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Gold Top Conversion

Bouldergold

Member
Joined
Aug 9, 2016
Messages
67
Contemplating a Goldtop Conversion 52-57.
Most agree these can be great playing and sounding guitars if done right.
The question is are they money traps, are they fairly liquid?
Most people buy these to play but if one has to sell is it hard to do?
Also thinking about a 54 Goldtop.
Any insights here?
 

Steve Craw

Formerly Lefty Elmo
Joined
Sep 9, 2004
Messages
5,166
A buddy has (had) three conversions, two done as 52/59 and one as 52/57. He still has his #1 52/59, but the others eventually got sold, and sold well. It helps if the conversion was done by one of the few who are known for doing these jobs and doing them well.
 

corpse

Well-known member
Joined
Jun 9, 2007
Messages
4,214
I think they tend to hold their value- but "liquid"? No.
 

Bouldergold

Member
Joined
Aug 9, 2016
Messages
67
Weird though if they are not liquid why are they not for sale in the market? You would think a bunch would be sitting out there in the market for sale for a long time. They all seem to be marked as sold. Confusing for sure
 

bern1

Well-known member
Joined
Nov 23, 2004
Messages
1,168
To the OP: an original guitar such as a stock wrap tail Goldtop will always have a preference edge over a modified guitar such as a conversion in my mind.

I think you will find here that conversions are an area where you need to tread carefully. There are different categories of conversions with different price tags.

At the end of the day, a conversion is a modified guitar and thus a “3 legged dog” to most collectors. Especially if it has a high price tag.

The only thing that will make it “liquid” is a low price tag.

I would buy the 54 Goldtop. It’s the real deal, not a pretender.
 

tom wu

Member
Joined
Apr 13, 2003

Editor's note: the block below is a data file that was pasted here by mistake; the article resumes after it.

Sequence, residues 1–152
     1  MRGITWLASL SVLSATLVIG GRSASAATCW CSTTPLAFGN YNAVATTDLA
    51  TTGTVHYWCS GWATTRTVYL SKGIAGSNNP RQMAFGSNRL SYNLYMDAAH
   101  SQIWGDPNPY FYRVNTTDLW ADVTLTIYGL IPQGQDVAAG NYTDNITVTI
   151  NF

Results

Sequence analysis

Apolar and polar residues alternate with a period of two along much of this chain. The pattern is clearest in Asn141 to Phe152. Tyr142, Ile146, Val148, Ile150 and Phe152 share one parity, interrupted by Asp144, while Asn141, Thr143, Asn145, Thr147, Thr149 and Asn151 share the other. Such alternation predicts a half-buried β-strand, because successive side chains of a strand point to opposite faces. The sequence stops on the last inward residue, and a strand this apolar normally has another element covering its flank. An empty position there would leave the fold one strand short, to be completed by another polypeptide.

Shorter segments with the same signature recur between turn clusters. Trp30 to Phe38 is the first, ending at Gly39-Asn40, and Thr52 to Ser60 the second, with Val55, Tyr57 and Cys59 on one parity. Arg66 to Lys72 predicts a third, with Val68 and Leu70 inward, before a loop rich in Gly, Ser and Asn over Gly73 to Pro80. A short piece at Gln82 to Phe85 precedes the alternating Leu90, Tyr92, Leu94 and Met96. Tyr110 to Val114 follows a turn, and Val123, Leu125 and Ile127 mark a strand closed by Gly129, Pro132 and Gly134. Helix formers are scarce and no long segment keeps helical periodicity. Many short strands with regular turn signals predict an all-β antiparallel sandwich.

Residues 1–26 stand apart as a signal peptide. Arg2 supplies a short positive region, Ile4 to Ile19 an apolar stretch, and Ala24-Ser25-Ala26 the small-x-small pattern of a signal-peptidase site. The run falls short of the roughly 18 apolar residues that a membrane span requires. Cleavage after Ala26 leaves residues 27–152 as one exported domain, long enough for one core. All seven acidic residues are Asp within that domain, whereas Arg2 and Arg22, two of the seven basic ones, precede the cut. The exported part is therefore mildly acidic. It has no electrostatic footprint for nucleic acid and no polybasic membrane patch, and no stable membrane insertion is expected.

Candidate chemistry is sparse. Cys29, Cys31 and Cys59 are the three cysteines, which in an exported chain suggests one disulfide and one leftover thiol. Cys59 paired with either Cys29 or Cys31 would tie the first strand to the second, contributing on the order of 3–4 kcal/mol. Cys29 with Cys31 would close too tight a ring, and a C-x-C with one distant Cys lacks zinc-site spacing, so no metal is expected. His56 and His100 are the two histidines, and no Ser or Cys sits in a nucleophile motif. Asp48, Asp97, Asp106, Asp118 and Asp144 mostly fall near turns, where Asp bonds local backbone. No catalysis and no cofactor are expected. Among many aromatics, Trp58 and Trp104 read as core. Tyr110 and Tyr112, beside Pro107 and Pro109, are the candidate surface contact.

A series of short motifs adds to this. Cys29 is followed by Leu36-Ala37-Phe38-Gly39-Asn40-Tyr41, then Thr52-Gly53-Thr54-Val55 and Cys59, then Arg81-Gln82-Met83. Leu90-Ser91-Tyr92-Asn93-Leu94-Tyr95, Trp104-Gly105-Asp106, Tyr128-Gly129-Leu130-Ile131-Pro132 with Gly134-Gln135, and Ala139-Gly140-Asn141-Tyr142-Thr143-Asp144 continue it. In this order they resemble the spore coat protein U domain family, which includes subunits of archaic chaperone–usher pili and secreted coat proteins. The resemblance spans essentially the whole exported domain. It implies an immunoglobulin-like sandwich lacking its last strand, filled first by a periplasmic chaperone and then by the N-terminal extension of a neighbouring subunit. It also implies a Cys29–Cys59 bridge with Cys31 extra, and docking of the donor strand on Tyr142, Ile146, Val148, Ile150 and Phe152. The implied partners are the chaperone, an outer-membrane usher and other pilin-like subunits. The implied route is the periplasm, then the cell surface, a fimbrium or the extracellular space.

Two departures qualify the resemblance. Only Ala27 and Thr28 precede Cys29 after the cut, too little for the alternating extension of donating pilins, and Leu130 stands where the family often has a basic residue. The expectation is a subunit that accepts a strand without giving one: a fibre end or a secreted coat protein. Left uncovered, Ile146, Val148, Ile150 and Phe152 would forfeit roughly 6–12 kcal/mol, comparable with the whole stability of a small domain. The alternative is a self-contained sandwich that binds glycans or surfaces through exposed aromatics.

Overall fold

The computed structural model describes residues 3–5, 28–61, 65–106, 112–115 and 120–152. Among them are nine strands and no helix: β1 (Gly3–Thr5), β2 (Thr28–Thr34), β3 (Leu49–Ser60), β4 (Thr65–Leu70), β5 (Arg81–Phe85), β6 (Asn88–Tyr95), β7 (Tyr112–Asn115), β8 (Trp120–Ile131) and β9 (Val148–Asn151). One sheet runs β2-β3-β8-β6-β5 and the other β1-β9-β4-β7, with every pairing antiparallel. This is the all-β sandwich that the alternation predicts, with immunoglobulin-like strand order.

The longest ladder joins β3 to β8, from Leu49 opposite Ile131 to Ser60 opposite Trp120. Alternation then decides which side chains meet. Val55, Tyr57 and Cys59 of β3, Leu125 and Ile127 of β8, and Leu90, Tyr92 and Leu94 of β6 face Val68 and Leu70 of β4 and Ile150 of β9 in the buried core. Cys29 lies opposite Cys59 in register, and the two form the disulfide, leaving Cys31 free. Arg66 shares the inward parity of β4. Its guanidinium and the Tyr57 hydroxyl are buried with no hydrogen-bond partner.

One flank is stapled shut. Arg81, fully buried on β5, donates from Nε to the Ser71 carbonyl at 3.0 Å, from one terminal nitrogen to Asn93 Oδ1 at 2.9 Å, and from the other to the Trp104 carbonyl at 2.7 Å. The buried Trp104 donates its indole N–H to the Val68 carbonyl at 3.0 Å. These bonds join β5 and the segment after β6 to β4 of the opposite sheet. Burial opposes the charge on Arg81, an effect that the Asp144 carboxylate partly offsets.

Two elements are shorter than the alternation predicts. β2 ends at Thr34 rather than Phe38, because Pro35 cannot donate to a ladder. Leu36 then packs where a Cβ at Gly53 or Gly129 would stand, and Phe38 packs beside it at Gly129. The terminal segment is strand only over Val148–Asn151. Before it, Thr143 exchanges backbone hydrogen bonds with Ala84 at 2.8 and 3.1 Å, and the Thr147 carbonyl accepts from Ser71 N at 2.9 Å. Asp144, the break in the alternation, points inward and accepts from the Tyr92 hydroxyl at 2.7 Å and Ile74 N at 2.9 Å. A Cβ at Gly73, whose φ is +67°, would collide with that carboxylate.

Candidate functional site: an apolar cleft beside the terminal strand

Messages
957
To the OP: an original guitar such as a stock wrap tail Goldtop will always have a preference edge over a modified guitar such as a conversion in my mind.

I think you will find here that conversions are an area where you need to tread carefully. There are different categories of conversions with different price tags.

At the end of the day, a conversion is a modified guitar and thus a “3 legged dog” to most collectors. Especially if it has a high price tag.

The only thing that will make it “liquid” is a low price tag.

I would buy the 54 Goldtop. It’s the real deal, not a pretender.
So.. you'd buy a 40K guitar as opposed to a 15K guitar? me too, if $ was no object. Big difference in price between a straight 54 GT and a 50s conversion, amigo. Actually, the comparison would be more between a 57 GT and a conversion, since they have the similar bridge, pickup types etc..so between a 100K guitar and a 15-20K guitar.
 

tom wu

Member
Joined
Apr 13, 2003
Messages
957
Contemplating a Goldtop Conversion 52-57.
Most agree these can be great playing and sounding guitars if done right.
The question is are they money traps, are they fairly liquid?
Most people buy these to play but if one has to sell is it hard to do?
Also thinking about a 54 Goldtop.
Any insights here?
different markets, both easy and hard to unload, depending on how much you buy it for. Personally, I see the conversions are easier to sell in a pinch for 2 reasons 1) not everyone is looking to drop 40K on a guitar and 2) Murphy labs, "true" historics and other Gibbys have jacked prices up so much, a person can play a great sounding conversion, for not much more than what the new ones go for
 

bern1

Well-known member
Joined
Nov 23, 2004
Messages
1,168
So.. you'd buy a 40K guitar as opposed to a 15K guitar? me too, if $ was no object. Big difference in price between a straight 54 GT and a 50s conversion, amigo. Actually, the comparison would be more between a 57 GT and a conversion, since they have the similar bridge, pickup types etc..so between a 100K guitar and a 15-20K guitar.
Actually, it is the OP asking about the choice between a 54GT and a conversion in this case. As I’m sure you know, there are highs and lows on either side. He didn’t mention a 57GT.
 

DutchRay

Well-known member
Joined
Mar 15, 2015
Messages
390
Buy it to play it and consider the money spent, if you ever sell it and make some profit, that's nice but it shouldn't be the reason to get into these guitars.